twundke Newbie

                  To be honest your problem is one of general data/object structures, not the cache. As Ben already pointed out, you're asking the cache to do something different than what plain old Java does. Personally, I think the cache should retain the same semantics as Java (ie. placing two different objects into the cache will always result in two different objects being retrieved from the cache).

                  In order to do what you're asking you're going to have to change your data/object structure. This is the best way, as then your code won't break when you suddenly take away the cache. So, for example, you could simply store the address ID in the Person object, and then use that to look up the actual Address object. This could potentially all be handled by the Person object itself (looking up the Address object when getAddress() is called), hiding the details from the caller.

                  Thinking along a general data structures line will lead you to a much more robust solution.


                  • 6. Re: Maintaining consistent object graph
                    a b Newbie

                    Tim -

                    I can see that it might be implemented as you say, and I've no doubt that keeping only identifiers or proxy references would solve the problem, but the requirement that we cache only the latest version of the domain objects arises directly from the fact that we have to cache them in the first place. In a nutshell, each client maintains a very interconnected graph of domain objects, subgraphs of which get sent to the server to be persisted by Hibernate. If the graph is not consistent, Hibernate will barf, as it should. If we were not caching on the client, we would not have to solve this problem. As far as I can tell, this places the responsibility more on the cache than on the objects comprising the problem domain. If we stop using the cache, then yes, the graph consistency semantics disappear, but that is exactly what we want (I think).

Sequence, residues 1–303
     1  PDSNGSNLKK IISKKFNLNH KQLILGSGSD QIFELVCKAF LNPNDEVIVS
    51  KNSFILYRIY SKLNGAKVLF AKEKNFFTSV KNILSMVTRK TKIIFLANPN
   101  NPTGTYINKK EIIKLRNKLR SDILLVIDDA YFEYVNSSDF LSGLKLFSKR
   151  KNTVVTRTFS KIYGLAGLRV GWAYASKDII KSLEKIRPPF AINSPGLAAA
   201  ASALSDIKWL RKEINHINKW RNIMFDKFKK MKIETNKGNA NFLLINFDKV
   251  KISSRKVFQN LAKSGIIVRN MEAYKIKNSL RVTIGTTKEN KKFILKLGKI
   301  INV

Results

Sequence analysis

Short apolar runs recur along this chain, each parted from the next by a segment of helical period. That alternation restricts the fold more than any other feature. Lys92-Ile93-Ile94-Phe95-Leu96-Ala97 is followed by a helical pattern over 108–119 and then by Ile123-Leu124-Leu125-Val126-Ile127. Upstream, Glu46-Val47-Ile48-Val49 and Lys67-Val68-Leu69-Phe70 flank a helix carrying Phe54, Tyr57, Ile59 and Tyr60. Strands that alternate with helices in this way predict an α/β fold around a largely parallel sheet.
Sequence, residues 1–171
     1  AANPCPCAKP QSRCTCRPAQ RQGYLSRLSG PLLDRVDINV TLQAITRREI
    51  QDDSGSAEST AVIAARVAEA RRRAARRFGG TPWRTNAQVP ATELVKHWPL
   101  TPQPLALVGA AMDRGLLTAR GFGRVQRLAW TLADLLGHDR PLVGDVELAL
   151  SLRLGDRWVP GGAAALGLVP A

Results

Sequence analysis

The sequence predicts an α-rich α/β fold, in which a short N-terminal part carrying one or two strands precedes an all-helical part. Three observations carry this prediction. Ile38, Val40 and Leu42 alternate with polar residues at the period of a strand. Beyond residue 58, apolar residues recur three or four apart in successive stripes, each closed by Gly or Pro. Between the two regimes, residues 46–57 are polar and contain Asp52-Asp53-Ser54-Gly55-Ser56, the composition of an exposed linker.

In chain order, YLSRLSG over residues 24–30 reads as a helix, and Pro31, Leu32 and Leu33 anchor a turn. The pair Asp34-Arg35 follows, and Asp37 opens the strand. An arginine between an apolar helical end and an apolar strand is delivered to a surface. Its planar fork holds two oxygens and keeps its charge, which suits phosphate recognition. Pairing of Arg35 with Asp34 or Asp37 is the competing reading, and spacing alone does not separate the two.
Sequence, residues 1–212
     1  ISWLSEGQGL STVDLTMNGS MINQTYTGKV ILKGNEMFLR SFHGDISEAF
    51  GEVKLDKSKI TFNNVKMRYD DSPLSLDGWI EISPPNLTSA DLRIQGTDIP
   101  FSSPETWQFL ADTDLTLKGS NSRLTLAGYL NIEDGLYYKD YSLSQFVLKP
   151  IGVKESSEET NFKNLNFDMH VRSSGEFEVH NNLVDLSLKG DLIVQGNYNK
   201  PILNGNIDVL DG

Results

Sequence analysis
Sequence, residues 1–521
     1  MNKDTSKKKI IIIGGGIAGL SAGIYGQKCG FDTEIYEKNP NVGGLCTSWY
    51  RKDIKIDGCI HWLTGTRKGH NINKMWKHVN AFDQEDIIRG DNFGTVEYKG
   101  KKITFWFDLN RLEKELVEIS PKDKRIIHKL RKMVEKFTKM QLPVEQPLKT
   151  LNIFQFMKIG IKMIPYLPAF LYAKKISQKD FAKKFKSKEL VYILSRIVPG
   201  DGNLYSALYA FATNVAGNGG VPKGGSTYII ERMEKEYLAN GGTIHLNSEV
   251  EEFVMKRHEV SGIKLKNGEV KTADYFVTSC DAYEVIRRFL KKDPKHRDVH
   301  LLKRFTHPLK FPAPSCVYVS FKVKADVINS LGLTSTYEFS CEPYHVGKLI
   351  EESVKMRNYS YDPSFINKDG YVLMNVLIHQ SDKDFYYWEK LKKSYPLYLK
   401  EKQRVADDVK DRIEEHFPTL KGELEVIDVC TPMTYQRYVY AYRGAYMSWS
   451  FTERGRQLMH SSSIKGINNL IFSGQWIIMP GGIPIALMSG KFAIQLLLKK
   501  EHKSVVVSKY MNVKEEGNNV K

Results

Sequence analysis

Anyways, it looks like JBossCache may not be the ideal solution to this problem. If anyone has any suggestions I would appreciate them! And thanks for taking the time to read my posts...